31. Kinetic and Potential Energy.

       32. Popular and Permanent Literature.

       33. A "Gentleman Farmer" and a Producer.

       34. An Employer and a Slave-driver.

       35. A Practical Joke and a "Mean Trick."

       Is the following selection properly a definition by the method
       of comparison? What is defined? Are the general statements that
       serve as background true? In how far does the whole selection
       depend for its validity upon the truth of these general
       statements?

          There is a difference between boys and men, but it
          is a difference of self-knowledge chiefly. A boy wants to do
          everything because he does not know he cannot; a man wants to
          do something because he knows he cannot do everything; a boy
          always fails, and a man sometimes succeeds because the man
          knows and the boy does not know. A man is better than a boy
          because he knows better; he has learned by experience that
          what is a harm to others is a greater harm to himself, and
          he would rather not do it. But a boy hardly knows what harm
          is, and he does it mostly without realizing that it hurts. He
          cannot invent anything, he can only imitate; and it is easier
          to imitate evil than good. You can imitate war, but how are
          you going to imitate peace? So a boy passes his leisure in
          contriving mischief. If you get another fellow to walk into a
          wasp's camp, you can see him jump and hear him howl, but if
          you do not, then nothing at all happens. If you set a dog to
          chase a cat up a tree, then something has been done; but if
          you do not set the dog on the cat, then the cat just lies in
          the sun and sleeps and you lose your time. If a boy could find
          out some way of doing good, so that he could be active in it,
          very likely he would want to do good now and then; but as he
          cannot, he very seldom wants to do good.[31]

  [31] William Dean Howells: _A Boy's Town_. By courtesy of the
       publishers, Harper & Brothers, New York City. Copyright, 1890.

  XII. Does the style of the definition of moral atmosphere (page 9) fit
       well with the subject? Would the definition be more effective if
       written in a more formal style?

       Define:

        1. The scholarly atmosphere of a university.

        2. The business atmosphere of the Stock Exchange.

        3. The holy atmosphere of a large church.

        4. The inhuman atmosphere of an ordinary criminal court.

        5. The human atmosphere of a reunion (of a class, a family, a
           group of friends).

        6. The majestic atmosphere of Niagara Falls.

        7. The beautiful atmosphere of a pond of skaters.

               {inspiring   }
        8. The {overpowering} atmosphere of a steel mill.
               {brutal      }
               {beautiful   }

        9. The calm atmosphere of a dairy farm.

 XIII. Does the following selection serve to define _honor_ as too
       difficult of attainment, as too closely bound up with fighting?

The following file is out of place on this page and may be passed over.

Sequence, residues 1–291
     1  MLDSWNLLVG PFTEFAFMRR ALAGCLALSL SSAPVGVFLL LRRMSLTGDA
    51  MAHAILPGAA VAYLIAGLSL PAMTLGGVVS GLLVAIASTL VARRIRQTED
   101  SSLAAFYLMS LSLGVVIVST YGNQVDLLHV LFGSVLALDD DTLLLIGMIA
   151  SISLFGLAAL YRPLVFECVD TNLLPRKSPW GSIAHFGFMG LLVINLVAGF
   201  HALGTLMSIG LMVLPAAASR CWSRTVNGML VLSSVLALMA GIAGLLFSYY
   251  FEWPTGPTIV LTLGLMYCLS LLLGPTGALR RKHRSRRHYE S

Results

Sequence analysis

Is any definition of _privilege_ implied? Define honor as taught
       in a college and honor as taught in the business world. Can a
       State University afford to maintain the kind of honor that forces
       it to "remain loyal to unpopular causes and painful truths"? Is
       the honor that seeks "to maintain faith even with the devil"
       foolish? Write a report on the state of honor in your college or
       university such as Washington or Lincoln would have written after
       investigating conditions in the student politics of the
       institution, or conditions in examinations and quizzes.

          Honor, perhaps because it is associated in the
          public mind with old ideas of dueling and paying gambling
          debts, and in general with the habits, good and bad, of
          a privileged class, is not in high repute with a modern
          industrial community, where bankruptcy laws, the letter of
          the statute book, the current morality of an easy-going,
          good-natured, success-loving people, mark out a smoother path.
          But the business of a college is not to fit a boy for the
          world, but to fit him to mould the world to his ideal. Honor
          is not necessarily old-fashioned and antiquated; it will adapt
          itself to the present and to the future. If it is arbitrary,
          or at least has an arbitrary element, so are most codes of
          law. If honor belongs to a privileged class, it is because
          it makes a privileged class; a body of men whose privilege
          it is to speak out in the scorn of consequence, to keep an
          oath to their own hurt, to remain loyal to unpopular causes
          and painful truths, to maintain faith even with the devil,
          and not swerve for rewards, prizes, popularity, or any of the
          blandishments of success. Because it is arbitrary, because it
          has rules, it needs to be taught. To teach a code of honor is
          one of the main purposes of education; a college cannot say,